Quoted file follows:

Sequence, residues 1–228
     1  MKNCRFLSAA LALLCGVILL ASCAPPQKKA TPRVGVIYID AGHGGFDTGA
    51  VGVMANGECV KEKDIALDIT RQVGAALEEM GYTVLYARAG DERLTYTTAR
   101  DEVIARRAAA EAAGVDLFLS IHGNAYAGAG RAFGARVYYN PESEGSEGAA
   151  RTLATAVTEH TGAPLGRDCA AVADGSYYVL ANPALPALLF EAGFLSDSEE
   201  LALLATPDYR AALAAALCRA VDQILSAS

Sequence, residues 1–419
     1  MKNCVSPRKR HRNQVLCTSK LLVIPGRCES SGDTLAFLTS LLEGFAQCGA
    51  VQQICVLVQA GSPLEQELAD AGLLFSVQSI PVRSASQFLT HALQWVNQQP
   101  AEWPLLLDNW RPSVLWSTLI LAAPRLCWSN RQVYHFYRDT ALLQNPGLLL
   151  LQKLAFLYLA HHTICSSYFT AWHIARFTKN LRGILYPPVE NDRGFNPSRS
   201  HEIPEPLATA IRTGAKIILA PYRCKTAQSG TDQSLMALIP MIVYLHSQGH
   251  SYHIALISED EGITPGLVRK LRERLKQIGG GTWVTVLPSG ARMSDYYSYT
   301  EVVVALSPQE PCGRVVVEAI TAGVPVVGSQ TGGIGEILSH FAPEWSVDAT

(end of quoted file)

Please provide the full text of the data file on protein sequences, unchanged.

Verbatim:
Sequence, residues 1–228
     1  MKNCRFLSAA LALLCGVILL ASCAPPQKKA TPRVGVIYID AGHGGFDTGA
    51  VGVMANGECV KEKDIALDIT RQVGAALEEM GYTVLYARAG DERLTYTTAR
   101  DEVIARRAAA EAAGVDLFLS IHGNAYAGAG RAFGARVYYN PESEGSEGAA
   151  RTLATAVTEH TGAPLGRDCA AVADGSYYVL ANPALPALLF EAGFLSDSEE
   201  LALLATPDYR AALAAALCRA VDQILSAS

Sequence, residues 1–419
     1  MKNCVSPRKR HRNQVLCTSK LLVIPGRCES SGDTLAFLTS LLEGFAQCGA
    51  VQQICVLVQA GSPLEQELAD AGLLFSVQSI PVRSASQFLT HALQWVNQQP
   101  AEWPLLLDNW RPSVLWSTLI LAAPRLCWSN RQVYHFYRDT ALLQNPGLLL
   151  LQKLAFLYLA HHTICSSYFT AWHIARFTKN LRGILYPPVE NDRGFNPSRS
   201  HEIPEPLATA IRTGAKIILA PYRCKTAQSG TDQSLMALIP MIVYLHSQGH
   251  SYHIALISED EGITPGLVRK LRERLKQIGG GTWVTVLPSG ARMSDYYSYT
   301  EVVVALSPQE PCGRVVVEAI TAGVPVVGSQ TGGIGEILSH FAPEWSVDAT